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When a pipeline threatened national forests, a federal court invoked Dr. Seuss

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Dr Seuss 'The Lorax'

Forget about the Truffula trees. The Lorax is now saving real-life forests.

A panel of federal judges in Virginia cited the beloved Dr. Seuss character to block the construction of an underground gas pipeline that would cross two national forests and a portion of the Appalachian Trail.

“We trust the United States Forest Service to ‘speak for the trees, for the trees have no tongues,'” the panel’s ruling states, citing Seuss’ orange environmental ambassador.

The decision, issued last week by the Fourth Circuit Court of Appeals, says the US Forest Service failed to preserve national forest resources when it authorized the construction of the Atlantic Coast Pipeline.

The underground natural gas pipeline is being built by Dominion Energy, a Virginia power company, and would stretch 604.5 miles across West Virginia, Virginia and North Carolina.

The Forest Service initially had concerns because the developers would build through a total of 21 miles of Virginia’s George Washington and Monongahela National Forests and a right of way across the Appalachian Trail but the agency ended up approving the permit.

In its ruling, the court says the decision was “particularly informed by the Forest Service’s serious environmental concerns that were suddenly, and mysteriously, assuaged in time to meet a private pipeline company’s deadlines.”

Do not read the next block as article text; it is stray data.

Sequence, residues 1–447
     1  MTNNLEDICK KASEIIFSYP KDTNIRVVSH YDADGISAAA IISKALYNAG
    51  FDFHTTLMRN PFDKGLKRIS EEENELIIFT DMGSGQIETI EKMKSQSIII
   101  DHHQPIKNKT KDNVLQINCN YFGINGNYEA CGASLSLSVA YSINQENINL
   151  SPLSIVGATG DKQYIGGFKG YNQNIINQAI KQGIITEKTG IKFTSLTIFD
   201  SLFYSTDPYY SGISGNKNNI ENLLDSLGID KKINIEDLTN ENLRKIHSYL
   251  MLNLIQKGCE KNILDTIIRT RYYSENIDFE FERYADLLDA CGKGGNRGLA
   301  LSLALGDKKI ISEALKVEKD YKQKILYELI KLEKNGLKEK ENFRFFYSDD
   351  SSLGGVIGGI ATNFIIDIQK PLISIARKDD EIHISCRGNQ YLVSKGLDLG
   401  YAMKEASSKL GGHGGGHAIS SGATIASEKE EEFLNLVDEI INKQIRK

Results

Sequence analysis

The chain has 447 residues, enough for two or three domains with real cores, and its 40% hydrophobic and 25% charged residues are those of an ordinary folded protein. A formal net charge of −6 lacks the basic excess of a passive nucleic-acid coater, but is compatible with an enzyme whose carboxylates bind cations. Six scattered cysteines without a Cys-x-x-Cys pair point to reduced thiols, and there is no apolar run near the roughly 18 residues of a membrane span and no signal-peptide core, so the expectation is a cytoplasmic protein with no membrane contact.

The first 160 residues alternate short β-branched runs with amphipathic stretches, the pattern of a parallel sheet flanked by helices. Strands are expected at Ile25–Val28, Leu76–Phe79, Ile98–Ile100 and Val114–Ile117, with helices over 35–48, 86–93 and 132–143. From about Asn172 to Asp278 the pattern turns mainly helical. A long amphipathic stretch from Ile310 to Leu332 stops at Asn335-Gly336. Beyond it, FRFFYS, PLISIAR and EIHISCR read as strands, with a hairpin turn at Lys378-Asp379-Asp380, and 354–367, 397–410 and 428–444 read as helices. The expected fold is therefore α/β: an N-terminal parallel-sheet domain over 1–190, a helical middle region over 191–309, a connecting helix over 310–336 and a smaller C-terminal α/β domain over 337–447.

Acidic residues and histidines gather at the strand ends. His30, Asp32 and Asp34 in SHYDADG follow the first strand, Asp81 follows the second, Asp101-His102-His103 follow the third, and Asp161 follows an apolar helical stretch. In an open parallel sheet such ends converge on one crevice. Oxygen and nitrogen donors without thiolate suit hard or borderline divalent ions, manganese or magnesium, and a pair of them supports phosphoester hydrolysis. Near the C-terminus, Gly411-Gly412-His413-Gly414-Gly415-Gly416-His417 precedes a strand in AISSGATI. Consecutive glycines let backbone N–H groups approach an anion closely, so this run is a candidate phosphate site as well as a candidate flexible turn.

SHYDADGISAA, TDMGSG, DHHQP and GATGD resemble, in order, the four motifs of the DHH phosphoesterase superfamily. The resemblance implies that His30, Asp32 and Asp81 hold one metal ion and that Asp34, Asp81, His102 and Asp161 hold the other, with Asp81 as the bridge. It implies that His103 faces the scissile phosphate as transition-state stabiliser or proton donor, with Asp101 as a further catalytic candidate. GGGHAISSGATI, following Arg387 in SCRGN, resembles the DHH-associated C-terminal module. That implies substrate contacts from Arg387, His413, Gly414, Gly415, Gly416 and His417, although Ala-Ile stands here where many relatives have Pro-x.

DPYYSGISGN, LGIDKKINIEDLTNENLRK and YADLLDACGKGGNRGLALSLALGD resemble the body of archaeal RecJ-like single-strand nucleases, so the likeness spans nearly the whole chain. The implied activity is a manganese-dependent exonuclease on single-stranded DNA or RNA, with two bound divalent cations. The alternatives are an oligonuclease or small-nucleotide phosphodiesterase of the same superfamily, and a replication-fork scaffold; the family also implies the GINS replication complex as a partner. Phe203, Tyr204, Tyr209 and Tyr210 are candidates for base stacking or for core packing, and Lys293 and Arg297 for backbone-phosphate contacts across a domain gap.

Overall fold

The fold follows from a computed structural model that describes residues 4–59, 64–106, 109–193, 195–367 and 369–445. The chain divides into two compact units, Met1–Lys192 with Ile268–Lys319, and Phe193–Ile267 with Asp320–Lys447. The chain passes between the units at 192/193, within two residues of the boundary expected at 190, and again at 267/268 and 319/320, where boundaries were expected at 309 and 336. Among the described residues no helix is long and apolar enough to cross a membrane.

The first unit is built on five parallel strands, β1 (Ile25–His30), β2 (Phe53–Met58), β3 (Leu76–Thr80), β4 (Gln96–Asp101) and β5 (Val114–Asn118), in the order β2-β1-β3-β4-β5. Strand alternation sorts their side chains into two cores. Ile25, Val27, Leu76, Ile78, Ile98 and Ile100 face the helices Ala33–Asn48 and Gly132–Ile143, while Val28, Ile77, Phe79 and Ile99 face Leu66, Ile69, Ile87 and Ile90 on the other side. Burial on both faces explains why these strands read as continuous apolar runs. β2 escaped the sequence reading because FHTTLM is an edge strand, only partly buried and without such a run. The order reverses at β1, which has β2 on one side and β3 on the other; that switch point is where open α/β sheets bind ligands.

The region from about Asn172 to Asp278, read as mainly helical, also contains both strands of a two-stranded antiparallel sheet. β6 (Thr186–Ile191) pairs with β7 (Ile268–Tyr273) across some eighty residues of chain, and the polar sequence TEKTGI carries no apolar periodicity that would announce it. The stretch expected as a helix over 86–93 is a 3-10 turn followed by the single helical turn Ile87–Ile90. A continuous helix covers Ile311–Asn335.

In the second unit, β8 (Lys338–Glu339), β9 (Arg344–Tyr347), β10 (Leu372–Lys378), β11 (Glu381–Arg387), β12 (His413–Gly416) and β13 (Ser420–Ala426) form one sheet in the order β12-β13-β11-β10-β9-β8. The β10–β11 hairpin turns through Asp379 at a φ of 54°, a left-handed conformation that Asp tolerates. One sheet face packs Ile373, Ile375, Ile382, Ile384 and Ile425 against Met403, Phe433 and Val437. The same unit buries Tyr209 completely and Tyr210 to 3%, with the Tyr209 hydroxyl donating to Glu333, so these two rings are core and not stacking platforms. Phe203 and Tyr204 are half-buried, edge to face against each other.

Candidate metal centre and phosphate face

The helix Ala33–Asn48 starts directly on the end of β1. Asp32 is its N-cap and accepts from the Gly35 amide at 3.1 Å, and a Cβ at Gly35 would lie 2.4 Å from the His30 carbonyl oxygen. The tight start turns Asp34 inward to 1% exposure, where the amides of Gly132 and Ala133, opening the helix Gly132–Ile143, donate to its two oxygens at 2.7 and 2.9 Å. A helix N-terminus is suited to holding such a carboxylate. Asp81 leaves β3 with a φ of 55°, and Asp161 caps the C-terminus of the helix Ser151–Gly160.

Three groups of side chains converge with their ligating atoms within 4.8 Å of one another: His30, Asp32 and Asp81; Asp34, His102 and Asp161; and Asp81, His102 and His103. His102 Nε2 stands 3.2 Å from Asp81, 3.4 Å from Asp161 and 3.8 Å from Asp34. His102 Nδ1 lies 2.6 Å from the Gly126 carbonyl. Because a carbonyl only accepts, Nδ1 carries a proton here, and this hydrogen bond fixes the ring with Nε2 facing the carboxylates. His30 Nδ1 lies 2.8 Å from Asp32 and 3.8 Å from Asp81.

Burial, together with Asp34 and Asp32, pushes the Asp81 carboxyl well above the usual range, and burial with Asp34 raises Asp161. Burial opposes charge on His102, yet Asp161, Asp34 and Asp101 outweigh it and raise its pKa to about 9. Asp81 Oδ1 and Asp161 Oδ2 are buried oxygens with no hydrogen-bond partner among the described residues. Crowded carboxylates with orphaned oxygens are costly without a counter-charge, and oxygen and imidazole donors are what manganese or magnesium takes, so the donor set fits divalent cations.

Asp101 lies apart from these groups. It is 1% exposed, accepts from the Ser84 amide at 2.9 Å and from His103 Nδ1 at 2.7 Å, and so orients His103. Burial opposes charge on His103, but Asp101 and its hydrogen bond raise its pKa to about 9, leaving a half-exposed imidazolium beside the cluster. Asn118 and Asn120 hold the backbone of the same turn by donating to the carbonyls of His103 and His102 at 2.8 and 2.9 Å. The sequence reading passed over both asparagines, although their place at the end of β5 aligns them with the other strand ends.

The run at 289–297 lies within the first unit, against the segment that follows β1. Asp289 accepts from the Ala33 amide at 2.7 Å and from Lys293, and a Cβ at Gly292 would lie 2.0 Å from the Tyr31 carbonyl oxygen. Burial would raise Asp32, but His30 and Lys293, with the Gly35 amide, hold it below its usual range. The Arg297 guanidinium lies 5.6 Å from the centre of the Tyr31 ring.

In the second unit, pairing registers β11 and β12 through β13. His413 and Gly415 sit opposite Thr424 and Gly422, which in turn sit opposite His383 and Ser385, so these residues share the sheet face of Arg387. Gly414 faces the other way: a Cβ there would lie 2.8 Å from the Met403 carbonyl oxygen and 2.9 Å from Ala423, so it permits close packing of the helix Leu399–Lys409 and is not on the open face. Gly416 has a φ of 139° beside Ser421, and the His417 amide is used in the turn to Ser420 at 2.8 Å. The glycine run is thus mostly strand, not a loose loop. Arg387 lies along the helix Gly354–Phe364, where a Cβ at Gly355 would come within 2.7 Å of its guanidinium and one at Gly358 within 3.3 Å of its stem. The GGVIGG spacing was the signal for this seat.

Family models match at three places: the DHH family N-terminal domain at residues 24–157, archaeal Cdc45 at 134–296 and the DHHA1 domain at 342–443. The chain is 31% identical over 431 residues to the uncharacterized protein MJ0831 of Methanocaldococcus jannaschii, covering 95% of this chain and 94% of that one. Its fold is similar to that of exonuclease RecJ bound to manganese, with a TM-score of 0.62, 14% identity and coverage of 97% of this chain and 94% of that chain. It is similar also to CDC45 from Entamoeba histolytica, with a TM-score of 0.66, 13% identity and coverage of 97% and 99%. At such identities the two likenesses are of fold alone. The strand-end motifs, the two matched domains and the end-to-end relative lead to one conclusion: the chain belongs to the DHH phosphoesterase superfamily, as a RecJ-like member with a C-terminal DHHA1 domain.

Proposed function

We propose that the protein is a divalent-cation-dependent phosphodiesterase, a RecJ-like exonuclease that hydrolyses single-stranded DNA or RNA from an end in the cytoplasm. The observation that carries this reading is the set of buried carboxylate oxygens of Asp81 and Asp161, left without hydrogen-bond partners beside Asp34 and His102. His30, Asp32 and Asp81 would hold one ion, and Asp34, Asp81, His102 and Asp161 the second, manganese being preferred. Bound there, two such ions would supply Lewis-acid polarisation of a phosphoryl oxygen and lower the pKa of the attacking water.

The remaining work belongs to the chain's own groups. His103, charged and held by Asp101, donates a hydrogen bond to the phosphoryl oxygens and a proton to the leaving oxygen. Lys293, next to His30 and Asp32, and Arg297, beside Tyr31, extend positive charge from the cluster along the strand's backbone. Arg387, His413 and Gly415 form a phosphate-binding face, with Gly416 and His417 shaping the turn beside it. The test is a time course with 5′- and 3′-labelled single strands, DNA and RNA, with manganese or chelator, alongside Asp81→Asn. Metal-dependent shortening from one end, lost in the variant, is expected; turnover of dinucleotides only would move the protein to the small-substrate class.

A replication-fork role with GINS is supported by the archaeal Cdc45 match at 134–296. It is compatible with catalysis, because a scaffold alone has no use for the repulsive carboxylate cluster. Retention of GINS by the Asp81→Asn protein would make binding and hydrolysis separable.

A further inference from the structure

The Southern Environmental Law Center, one of the groups that filed an appeal to stop the construction in the forests, said the Forest Service “failed to take a hard look at environmental impacts of the project.”

“The George Washington National Forest, Monongahela National Forest and the Appalachian Trail are national treasures. The Administration was far too eager to trade them away for a pipeline conceived to deliver profit to its developers, not gas to consumers,” said Patrick Hunter, the center’s attorney. “This pipeline is unnecessary and asking fracked gas customers to pay developers to blast this boondoggle through our public lands only adds insult to injury.”

“The Lorax,” an environmental fable about the titular creature and his fight to save the exploited Truffula trees, was published in 1971.


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